Fair Districts PA Urges Senate Leader To Reform Redistricting
Fair Districts PA delivered postcards collected from constituents to State Senator Jake Corman’s office in Bellefonte on Thursday, urging the Republican majority leader to to pass legislation to reform the redistricting process in Pennsylvania.
About 25 members and supporters of Fair Districts PA gathered in the parking lot outside Corman’s office with over 500 postcards stapled onto a giant board.
“The districting process in Pennsylvania is rigged and we need to stop that,” said Toby Short, a volunteer for the advocacy group.
He said all the postcards come from constituents urging Corman to stop partisan gerrymandering and support a reform bill in the State Senate.
Every 10 years, states go through a redistricting process after the U.S. Census.
In Pennsylvania, the state General Assembly controls this process, and in 2011, Republicans held the House, Senate, and governors office.
In June, the League of Women Voters filed a lawsuit against the commonwealth, alleging gerrymandering.
The lawsuit claims the map Pennsylvania lawmakers created is a partisan gerrymander that violates the equal protection clause of the state’s constitution. Republicans are accused of intentionally drawing district boundaries that pack as many Democrats in as few districts as possible and then dispersing the remainder over as many districts as possible. In effect, ultimately, diluting Democrats’ votes.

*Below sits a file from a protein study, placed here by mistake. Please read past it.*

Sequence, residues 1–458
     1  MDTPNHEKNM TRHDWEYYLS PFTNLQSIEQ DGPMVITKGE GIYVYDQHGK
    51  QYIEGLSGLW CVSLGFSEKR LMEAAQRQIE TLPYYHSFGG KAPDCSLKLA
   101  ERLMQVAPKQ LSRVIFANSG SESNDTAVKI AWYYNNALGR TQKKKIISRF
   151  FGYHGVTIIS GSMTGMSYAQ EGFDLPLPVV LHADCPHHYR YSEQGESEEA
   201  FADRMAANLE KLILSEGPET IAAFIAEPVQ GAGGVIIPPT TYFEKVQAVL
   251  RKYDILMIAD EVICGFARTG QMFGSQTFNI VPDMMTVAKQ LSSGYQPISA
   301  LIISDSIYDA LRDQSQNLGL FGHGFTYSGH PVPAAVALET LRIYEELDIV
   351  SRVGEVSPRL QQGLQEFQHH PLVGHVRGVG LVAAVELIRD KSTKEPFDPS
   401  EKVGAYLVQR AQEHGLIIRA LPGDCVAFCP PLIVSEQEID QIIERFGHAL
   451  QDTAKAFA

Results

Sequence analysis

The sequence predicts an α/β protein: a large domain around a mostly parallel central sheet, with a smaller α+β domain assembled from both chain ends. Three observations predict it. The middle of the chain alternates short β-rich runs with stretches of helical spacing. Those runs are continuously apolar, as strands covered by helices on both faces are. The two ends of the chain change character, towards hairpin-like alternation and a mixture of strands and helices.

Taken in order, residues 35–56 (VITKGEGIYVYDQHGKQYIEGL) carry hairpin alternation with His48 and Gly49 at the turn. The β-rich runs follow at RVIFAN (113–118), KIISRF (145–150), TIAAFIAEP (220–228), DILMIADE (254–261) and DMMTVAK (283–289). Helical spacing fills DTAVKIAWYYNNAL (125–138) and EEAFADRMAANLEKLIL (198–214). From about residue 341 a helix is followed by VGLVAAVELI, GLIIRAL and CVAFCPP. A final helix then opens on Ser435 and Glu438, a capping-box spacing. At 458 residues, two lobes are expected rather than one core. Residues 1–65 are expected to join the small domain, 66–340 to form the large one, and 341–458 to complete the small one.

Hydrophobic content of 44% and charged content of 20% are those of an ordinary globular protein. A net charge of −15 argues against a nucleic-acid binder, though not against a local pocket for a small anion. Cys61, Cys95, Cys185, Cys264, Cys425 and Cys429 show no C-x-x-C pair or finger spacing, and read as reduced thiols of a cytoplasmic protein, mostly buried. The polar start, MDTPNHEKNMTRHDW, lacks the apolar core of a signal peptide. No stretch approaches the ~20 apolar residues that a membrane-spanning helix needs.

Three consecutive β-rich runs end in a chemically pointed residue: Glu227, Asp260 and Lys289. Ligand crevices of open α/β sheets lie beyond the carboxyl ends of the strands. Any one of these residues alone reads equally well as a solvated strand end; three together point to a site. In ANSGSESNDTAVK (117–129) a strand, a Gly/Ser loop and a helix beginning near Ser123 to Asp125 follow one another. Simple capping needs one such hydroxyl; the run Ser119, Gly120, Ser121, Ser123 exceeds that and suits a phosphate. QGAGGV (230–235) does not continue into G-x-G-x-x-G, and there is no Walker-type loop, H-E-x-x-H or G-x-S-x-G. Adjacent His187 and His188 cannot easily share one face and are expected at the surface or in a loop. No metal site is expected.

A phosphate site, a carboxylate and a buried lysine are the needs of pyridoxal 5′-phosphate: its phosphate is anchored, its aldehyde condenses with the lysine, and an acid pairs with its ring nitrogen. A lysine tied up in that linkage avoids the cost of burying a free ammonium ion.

Similar gerrymandering charges have been lobbed against Democrats in Maryland.
In the last three elections for U.S. House of Representatives, Republicans won 13 of Pennsylvania’s 18 seats, even though registered Democrats outnumber registered Republicans by more than 800,000 voters statewide.
National models for identifying gerrymandering have found Pennsylvania to be among the worst offenders in the United States.
Senator Corman cancelled a meeting with Fair Districts PA on Thursday, saying he was advised by legal counsel not to discuss the issue as long as the lawsuit is underway, although he’s not mentioned by name in the litigation.
As the Senate majority leader, Corman is in line to be one of the five legislators to redraw district lines in Pennsylvania after the 2020 census.